BOSTON -- BJ's Wholesale Club, Natick, Mass., intensified its effort to compete more aggressively with conventional supermarkets last week with the introduction of self-supplied produce at 26 stores in the Southeast.
The company's goal is to transition all clubs to the self-distribution produce program by the end of the year, Michael T. Wedge, president and chief executive officer, told attendees at the CIBC World Markets Consumer Growth Conference here last week.
"This is a significant merchandising initiative involving a transition from third-party procurement of fresh produce to self-run," Wedge explained. "It's all part of our mission to dramatically improve the quality and consistency of our fresh offerings."
Wedge said BJ's plans to resume its historic expansion rate of 10% growth per year beginning next year, with 15 to 16 new clubs planned, after concentrating on other areas for the past few years. This year's growth will include 10 new clubs, 15 to 20 renovations, 12 additional pharmacies and 10 to 12 gas stations, he pointed out.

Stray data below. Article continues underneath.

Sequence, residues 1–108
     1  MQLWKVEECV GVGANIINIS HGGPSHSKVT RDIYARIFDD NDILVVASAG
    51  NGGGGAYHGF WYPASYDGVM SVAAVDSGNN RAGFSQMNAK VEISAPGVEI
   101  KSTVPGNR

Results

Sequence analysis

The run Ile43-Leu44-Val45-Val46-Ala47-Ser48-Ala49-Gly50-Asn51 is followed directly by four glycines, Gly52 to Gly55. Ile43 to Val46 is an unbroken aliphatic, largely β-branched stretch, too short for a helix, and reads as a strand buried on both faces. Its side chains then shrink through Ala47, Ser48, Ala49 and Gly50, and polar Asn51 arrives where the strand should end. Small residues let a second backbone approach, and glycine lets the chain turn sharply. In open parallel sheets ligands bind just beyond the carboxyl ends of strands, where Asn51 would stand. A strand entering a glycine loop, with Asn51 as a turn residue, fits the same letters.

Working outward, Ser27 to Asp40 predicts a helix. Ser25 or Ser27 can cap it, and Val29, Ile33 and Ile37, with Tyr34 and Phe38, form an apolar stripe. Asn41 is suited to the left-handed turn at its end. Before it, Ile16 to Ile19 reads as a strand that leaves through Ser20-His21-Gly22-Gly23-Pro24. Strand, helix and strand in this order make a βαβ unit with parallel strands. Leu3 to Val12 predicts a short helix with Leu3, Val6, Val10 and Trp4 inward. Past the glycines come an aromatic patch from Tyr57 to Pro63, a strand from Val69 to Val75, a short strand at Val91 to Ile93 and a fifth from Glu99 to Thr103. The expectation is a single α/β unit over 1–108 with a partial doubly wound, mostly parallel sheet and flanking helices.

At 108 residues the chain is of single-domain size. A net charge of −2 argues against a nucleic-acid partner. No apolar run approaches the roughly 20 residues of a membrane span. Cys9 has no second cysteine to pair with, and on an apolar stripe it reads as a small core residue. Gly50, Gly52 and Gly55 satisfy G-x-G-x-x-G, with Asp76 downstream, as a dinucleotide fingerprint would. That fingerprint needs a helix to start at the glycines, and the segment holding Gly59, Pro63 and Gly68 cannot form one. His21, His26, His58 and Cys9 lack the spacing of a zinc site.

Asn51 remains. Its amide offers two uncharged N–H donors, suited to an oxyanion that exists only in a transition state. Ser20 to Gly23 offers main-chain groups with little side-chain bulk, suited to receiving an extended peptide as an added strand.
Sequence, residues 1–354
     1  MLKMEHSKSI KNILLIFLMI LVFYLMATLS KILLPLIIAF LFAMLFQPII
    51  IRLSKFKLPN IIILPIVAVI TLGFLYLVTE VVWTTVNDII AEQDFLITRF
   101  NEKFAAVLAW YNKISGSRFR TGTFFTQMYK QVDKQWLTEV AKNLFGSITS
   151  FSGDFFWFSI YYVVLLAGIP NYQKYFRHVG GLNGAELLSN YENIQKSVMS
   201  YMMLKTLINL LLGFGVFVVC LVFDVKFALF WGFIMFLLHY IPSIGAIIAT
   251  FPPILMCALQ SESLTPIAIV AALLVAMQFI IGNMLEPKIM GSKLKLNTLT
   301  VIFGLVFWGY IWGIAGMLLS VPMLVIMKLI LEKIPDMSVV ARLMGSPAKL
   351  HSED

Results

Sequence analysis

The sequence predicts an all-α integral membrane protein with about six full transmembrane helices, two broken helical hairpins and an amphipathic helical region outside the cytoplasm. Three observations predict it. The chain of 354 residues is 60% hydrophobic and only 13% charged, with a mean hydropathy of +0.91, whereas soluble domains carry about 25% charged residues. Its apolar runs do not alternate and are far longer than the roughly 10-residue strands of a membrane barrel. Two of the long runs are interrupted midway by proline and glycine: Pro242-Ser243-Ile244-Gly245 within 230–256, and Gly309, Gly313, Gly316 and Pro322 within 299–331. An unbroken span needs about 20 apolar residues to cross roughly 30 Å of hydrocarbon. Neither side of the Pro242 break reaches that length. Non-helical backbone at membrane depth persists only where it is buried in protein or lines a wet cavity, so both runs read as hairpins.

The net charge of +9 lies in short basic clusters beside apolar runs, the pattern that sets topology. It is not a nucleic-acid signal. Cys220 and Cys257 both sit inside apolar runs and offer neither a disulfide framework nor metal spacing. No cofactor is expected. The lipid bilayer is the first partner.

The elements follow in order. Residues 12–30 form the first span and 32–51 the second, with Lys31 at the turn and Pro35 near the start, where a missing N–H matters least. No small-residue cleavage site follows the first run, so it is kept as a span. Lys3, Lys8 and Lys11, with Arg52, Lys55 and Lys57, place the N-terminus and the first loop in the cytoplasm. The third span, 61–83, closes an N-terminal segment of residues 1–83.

He said most expansion in the Northeast over the next two years will consist of penetrating existing markets, which have the potential to achieve higher returns than new markets. In its newer marketing areas in the Southeast, "we'll continue to build out to achieve critical mass," he added.
Wedge also said BJ's will open its second-generation concept store in Florida by the beginning of next year, based on the success of its first concept store in Kissimmee, Fla., whose sales are averaging 10% higher than the rest of the Orlando market after 10 months. That store includes an enhanced electronics assortment, a wider selection of jewelry and other luxury items, dressing rooms and a kids' club, Wedge noted.
Wedge said BJ's has invested heavily in the last few years in a "consumer insight" initiative to determine what its non-business members want, and it's been using the data to adjust its merchandise and marketing.